Academia which was 26% of net sales is pacing increasing pressure in key markets. We are seeing substantial increased caution in purchasing behavior due to uncertainty about budgetary restrictions, in particular in the United States. Net sales were up 1% at constant exchange rates and again the key issue was the decline in instrument sales.

In light of the changing market environment, which is being accelerated by budgetary constraints, we are stepping up expansion of our direct marketing channels and electronic touch points to customers.

Moving to the next slide, we’re making broad progress on many of our key initiatives. All of these are supporting our objective to leverage our leadership in Sample & Assay Technologies across our four customer classes.

QIAsymphony RGQ is our flagship platform. It offers unprecedented flexibility in automation to customers requiring a broad menu in processing from 1 to 300 samples per shift. Our top priority remains to increase placements around the world and to continue to expand the Assay menu.

We have achieved about one-third of our placement target for 2011. Given the long selling process for these types of systems, we’ve been saying that the majority of placements are anticipated in the second half of the year. Related to that, as most of you know, the majority of the placements will involve reagent rental agreements. While the impact of placements will not be immediately recognized in our reported sales, trends on pull-through of consumables are encouraging and bode very well for driving growth in the coming years.

In May, we announced the comprehensive update of the QIAensemble suite of automation platforms. QIAensemble Evolution which was initiated in 2011, caused for the addition of modules to improve the automation for the current Rapid Capture System. The Decapper units, level of which are already in the field are on track for full launch in the fourth quarter and feedback from customer field testing has been extremely positive. QIAensemble Revolution program intense to build on the proven core components from QIAsymphony and this will enhance the computability of the two platforms in our testing menus.

I’d like to spend more time now providing you some insights into the strategic initiatives of first adding molecular content to our automation platforms, and number two strengthening our leadership in personal healthcare as well as create, expanding our geographic presence.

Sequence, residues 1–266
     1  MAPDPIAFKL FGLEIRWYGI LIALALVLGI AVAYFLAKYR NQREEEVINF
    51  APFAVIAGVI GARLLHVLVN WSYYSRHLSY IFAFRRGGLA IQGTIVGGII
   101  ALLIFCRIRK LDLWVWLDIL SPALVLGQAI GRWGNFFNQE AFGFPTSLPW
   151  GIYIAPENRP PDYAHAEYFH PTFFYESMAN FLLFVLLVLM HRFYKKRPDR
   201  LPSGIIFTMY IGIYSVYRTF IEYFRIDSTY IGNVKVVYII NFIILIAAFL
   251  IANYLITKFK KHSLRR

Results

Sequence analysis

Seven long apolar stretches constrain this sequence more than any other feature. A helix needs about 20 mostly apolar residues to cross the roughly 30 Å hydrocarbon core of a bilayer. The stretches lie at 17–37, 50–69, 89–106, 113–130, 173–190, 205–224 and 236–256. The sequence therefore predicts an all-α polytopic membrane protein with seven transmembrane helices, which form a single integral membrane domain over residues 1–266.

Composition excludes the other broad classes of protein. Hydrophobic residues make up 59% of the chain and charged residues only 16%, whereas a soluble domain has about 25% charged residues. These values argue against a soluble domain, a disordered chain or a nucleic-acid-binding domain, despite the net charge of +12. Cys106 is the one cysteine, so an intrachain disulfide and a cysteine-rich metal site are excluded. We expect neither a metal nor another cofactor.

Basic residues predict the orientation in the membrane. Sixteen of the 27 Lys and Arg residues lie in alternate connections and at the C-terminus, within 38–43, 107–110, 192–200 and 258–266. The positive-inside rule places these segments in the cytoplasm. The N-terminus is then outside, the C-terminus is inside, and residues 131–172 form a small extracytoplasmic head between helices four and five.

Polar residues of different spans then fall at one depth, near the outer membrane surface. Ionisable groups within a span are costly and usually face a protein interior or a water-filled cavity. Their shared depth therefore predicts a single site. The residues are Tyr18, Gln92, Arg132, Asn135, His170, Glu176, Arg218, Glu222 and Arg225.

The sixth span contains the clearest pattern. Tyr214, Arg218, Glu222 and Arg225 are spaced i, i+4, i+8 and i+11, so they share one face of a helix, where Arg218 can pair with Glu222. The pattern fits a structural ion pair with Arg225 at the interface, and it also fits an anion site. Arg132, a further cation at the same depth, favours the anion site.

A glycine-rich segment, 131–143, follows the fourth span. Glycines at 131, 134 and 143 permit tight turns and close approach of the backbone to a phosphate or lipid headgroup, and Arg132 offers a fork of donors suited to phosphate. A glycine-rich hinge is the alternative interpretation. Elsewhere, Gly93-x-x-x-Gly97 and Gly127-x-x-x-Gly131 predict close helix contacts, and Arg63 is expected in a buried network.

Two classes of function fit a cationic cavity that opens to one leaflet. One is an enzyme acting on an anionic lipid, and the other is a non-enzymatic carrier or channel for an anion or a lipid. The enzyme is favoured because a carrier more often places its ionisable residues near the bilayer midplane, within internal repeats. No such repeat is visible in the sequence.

Moving to the first topic, adding molecular content on slide 11, our latest two acquisition Cellestis and Ipsogen fully support our strategic initiative to add molecular content to our novel platforms. We’re moving towards completion of the acquisition process for Cellestis, an Australian diagnostic company. Shareholder meeting is now planned for early August and closing is expected later in the month.

As you know, QIAGEN amended its proposal for Cellestis in early July with the aim of securing a rapid completion of this transaction. The current Cellestis share price and the shareholder voting trends confirmed that this transaction should receive very strong approval. Cellestis is a profitable publically listed company with two marketed product QuantiFERON-TB for detection of latent TB and QuantiFERON-CMV for the detection of cytomegalovirus, which is a threat in solid organ transplantation.

This slide show shows how we believe the combination of Cellestis and QIAGEN can generate greater results for QIAGEN. Cellestis will provide us with exclusive access to QuantiFERON assay technology. As a next generation proprietary technology, it is capable of acquiring a previously untapped information source in the human body.

QuantiFERON is considered pre-molecular testing technology, because it has the capability to provide diagnostic information far earlier than DNA based molecular tests. As a result, test based on the technology can provide information on latent infections, in other words hiding infections, when DNA based tests cannot, because of the lower amount of pathogens present in the infection.

Because of this ability, QuantiFERON can complement our portfolio of molecular diagnostics by guiding and driving the use of DNA and RNA based molecular tests. We believe that Cellestis as part of QIAGEN will enhance our molecular diagnostics offering from pre-molecular through prevention, profiling personalized healthcare and point-of-need testing.

As a sample in assay technology just like our other products, we plan to migrate it to QIAGEN Instruments. QuantiFERON TB is already being commercialized in a number of markets, particularly in the United States and Europe and Japan. A very significant untapped market potential, and QIAGEN sales and marketing operations around the world will be instrumental in driving this expansion.

We’re planning to make large investments in sales capabilities and R&D initiatives to integrate the latent TB test on the QIAGEN platforms. This acquisition will be supportive to sales growth and be accretive to adjusted EPS starting in 2012.

Turning to the next slide, our Cellestis acquisition has a technology focus, but the current TB products also have a very attractive market profile.

In combination with our molecular diagnostics for TB, we’re creating the leading next generation position in TB. QIAGEN already has a wide range of molecular assays. An example for our capabilities here was the recent announcement that the Mayo Clinic has licensed patent rights from QIAGEN that will allow Mayo to offer a test for M. tuberculosis complex speciation.